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Wednesday, October 6, 2021


How the teaching of art and language helps knit together diverse SoCal populations
How do you teach culture in Southern California? One way is through language. L’Héritage Français in La Habra, the International School of Orange and The Language Academy at Aronoff Preschool in Irvine, not to mention the Irvine Chinese School and Chinese Cultural Center, are just a few places in our region offering immersive language classes for younger students. Children spend their school days conversing fully in French, Mandarin, Italian and Spanish. Circle time and songs are taught in foreign languages.


‘Educators beware!’ TikTok challenge to slap a teacher prompts urgent warning
Educational leaders throughout the state are urgently warning teachers and school staff about a disturbing TikTok challenge that emerged this month urging students to slap teachers while recording it on a video.


Newsom signs California education budget with universal pre-K, college savings accounts
Speaking to teachers and students at Fresno’s Sunset Elementary School on Tuesday, California Gov. Gavin Newsom signed a trio of bills; part of a $123.9 billion legislative package that delivers record-level investments in public schools.


S.F. schools' financial tailspin prompts state to intervene in face of massive shortfall
With a $116 million shortfall increasing the likelihood that the San Francisco school district won’t be able to pay its bills, the California education superintendent is stepping in to address its financial tailspin in a move aimed at avoiding a full state takeover.

Cursing, meltdowns and playground tussles: Schools grapple with emotional toll of pandemic
After a year or more of online learning, students returned to classrooms with forgotten social skills, trauma and pent-up frustration, where staffing shortages make it difficult for some schools to respond.


How a UC Riverside professor got help from her cartoon panda to teach kids online
They say necessity is the mother of invention. In this case, it’s the mother of a talking cartoon named Mrs. Panda. But let’s back up a little. A highly regarded research professor in education at UC Riverside, Linda Ventriglia-Navarrette, Ph.D., directs Project Adalente Moving Forward, an early childhood literacy initiative that develops a curriculum called “ABC Rule of 3,” aimed at leveling the achievement gap for English learners.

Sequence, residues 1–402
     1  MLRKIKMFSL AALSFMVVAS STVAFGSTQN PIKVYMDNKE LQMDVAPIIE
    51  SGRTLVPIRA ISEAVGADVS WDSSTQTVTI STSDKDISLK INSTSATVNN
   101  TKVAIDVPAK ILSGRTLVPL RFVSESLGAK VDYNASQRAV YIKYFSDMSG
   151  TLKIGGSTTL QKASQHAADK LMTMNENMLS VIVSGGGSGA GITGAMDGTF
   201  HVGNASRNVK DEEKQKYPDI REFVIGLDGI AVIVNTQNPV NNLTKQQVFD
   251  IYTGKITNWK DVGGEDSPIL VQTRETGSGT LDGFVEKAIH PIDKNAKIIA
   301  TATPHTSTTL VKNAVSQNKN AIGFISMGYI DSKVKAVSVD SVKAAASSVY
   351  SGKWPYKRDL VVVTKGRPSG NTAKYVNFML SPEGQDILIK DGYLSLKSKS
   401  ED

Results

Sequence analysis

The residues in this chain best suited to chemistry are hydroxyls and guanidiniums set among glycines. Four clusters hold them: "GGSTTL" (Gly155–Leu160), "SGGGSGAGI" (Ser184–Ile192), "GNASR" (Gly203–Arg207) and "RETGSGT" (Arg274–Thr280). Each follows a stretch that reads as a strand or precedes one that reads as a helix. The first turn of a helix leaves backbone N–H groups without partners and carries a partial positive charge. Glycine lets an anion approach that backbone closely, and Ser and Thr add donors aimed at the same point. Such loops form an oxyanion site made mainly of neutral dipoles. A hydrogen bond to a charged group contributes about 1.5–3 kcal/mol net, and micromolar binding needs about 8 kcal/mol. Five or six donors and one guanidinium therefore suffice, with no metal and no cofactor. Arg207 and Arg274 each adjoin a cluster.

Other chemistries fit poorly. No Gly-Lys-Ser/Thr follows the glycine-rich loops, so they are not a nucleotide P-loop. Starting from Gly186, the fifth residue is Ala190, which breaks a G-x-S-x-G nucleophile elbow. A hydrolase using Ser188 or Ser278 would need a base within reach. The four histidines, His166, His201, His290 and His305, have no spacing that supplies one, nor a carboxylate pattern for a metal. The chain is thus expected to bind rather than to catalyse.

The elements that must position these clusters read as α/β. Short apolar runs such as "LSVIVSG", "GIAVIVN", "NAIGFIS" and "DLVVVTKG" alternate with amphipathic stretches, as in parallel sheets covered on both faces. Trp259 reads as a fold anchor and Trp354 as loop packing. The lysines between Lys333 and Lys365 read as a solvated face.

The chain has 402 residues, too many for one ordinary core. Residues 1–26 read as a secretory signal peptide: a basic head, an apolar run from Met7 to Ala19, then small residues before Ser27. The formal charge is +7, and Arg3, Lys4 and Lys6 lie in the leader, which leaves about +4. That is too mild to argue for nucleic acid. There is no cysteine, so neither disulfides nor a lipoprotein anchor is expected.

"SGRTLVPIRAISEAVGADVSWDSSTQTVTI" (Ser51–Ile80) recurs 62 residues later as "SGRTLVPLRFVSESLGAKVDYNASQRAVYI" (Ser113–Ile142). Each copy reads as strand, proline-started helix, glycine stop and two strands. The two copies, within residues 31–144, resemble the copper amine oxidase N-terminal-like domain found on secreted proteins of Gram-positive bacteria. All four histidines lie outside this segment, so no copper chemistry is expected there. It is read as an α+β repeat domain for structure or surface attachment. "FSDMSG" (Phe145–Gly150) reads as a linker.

Emergency response team helps California schools navigate wildfires
During the height of the wildfire season, Joe Anderson and Jake Wolf met virtually every Thursday morning with exhausted and bewildered school superintendents whose campuses had either been evacuated or destroyed by the wildfires raging through California. The pair make up the California Department of Education’s Emergency Services Team, but to some school district officials assisted by them, they and their director, Juan Mireles, are affectionately referred to as the 3 J’s.

New law will identify preschoolers’ home languages
A new law signed by Gov. Gavin Newsom Tuesday requires all state-subsidized preschool programs to identify the languages children speak at home and the language spoken by program staff. The bill, AB 1363, authored by Assemblymember Luz Rivas, D-North Hollywood, requires preschool programs that receive state funds to serve low-income children to identify the language spoken at home of every child enrolled, as well as the languages used in the classroom and spoken by the preschool teachers.

Gov. Newsom signs bill improving access to child care for migrant workers
Gov. Gavin Newsom signed legislation today improving access to child care for migrant farmworkers at a press conference held at an elementary school in Fresno. Long a champion of early childhood education, Newsom also touted the transformative nature of the state’s new universal transitional kindergarten program, which will be fully rolled out by 2025, the state’s plan to seed college savings accounts of up to $1,500 for low-income students, English learners and foster and homeless youth and plans to reach out to dual language learners.


Teachers are amping up to help handle students’ pandemic-era trauma
“Ugh! I just walked through spiderwebs! Obviously, we’ve been gone for a while – there are spiderwebs!” Julie Trujillo says as she’s walking from Riverside’s Foothill Elementary School grounds, where she teaches fourth grade, to her car while we’re chatting on the phone. Trujillo is one of the countless teachers gearing up for a new pandemic-era school year as students return after what many are calling a lost year after time away from desks, classmates and teachers.


One loophole remains in student COVID-19 vaccination mandate
California’s recently issued COVID-19 vaccination mandate allows students and staff to opt out for religious or ideological reasons. While a small minority are expected to leave their schools over this mandate, a key lawmaker says he may push legislation to eliminate the personal belief exemption.


San Francisco ethnic studies courses produced major educational benefits, researchers find as country debates anti-racist teaching in schools
Amid a heated political feud over the way educators should teach students about the legacy of issues like white supremacy and slavery, a major new study points to a positive, lasting link between antiracist instruction and improved academic outcomes for teens who struggle in school. The study, published Sept. 14 in the peer-reviewed Proceedings of the National Academy of Sciences, found that a ninth-grade ethnic studies course in San Francisco was associated with significant, long-term benefits, including improved high school graduation and college enrollment rates.

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